There’s a mutual dependence between rural communities and the energy companies they support. The longer it exists the more their cultures and identities are intertwined.
That’s why it’s especially painful when an industry declines and familiar corporate neighbors sell out to new owners. As an industry bleeds money and jobs, it also begins to pull back on charitable giving — just as the same forces create more need for those services.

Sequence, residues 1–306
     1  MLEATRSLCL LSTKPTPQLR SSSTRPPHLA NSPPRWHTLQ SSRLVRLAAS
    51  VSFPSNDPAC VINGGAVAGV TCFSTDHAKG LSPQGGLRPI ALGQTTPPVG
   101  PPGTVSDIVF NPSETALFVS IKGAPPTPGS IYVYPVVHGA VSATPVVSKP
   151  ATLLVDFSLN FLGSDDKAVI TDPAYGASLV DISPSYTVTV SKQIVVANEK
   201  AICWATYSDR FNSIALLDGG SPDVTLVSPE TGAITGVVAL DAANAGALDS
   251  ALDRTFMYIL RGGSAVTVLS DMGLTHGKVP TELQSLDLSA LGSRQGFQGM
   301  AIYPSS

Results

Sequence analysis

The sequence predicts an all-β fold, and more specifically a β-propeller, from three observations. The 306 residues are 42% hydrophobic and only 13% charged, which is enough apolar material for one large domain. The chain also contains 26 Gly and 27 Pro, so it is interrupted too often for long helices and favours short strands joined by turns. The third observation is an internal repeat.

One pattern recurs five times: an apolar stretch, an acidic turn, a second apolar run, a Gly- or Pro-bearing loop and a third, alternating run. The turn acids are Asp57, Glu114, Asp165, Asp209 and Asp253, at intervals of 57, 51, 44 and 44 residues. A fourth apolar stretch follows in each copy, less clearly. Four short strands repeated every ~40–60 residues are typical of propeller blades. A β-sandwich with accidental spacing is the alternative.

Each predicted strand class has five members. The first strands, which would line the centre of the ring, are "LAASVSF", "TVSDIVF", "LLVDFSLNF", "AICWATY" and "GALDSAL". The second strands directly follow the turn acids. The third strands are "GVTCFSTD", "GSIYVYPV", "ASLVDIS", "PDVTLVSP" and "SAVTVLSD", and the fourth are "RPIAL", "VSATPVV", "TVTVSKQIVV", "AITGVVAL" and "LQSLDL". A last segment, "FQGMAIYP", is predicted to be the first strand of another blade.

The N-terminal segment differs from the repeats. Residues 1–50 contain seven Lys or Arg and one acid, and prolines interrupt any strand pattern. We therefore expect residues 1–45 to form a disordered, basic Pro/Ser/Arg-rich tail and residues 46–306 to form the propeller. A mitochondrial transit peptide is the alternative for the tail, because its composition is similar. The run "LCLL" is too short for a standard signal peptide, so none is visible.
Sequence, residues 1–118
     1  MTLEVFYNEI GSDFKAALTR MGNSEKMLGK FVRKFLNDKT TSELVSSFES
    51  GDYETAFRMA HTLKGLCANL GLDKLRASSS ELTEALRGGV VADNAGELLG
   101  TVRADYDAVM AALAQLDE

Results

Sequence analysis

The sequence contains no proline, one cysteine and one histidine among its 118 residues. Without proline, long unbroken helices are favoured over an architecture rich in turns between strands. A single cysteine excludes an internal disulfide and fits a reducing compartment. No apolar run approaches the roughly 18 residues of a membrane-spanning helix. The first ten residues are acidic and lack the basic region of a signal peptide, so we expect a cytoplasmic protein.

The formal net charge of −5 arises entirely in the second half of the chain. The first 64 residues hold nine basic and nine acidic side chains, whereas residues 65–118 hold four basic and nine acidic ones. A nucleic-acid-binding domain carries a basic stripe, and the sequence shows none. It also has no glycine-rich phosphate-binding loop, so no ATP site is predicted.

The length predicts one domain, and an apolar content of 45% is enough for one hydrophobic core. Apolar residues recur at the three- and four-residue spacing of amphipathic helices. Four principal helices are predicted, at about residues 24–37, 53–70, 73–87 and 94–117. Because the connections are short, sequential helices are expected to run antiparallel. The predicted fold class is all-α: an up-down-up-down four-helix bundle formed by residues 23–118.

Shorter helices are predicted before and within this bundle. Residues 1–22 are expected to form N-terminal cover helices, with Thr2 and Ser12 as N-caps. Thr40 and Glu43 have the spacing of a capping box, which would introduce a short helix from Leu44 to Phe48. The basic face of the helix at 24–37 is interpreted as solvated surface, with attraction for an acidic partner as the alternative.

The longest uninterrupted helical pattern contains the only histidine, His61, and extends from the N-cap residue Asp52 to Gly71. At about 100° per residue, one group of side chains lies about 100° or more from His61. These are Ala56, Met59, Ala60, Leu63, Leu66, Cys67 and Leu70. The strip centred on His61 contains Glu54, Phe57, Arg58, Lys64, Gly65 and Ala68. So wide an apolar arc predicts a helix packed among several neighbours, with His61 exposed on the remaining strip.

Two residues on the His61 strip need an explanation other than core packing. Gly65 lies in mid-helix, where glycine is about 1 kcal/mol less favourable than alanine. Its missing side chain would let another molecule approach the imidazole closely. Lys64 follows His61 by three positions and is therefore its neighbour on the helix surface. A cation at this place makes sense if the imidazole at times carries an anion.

In March I traveled to Gillette to find out what the declining coal industry means to those living on the margins, and to those committed to meeting their needs. I filed this report; “Coal corporate giving tumbles just as communities need it most.”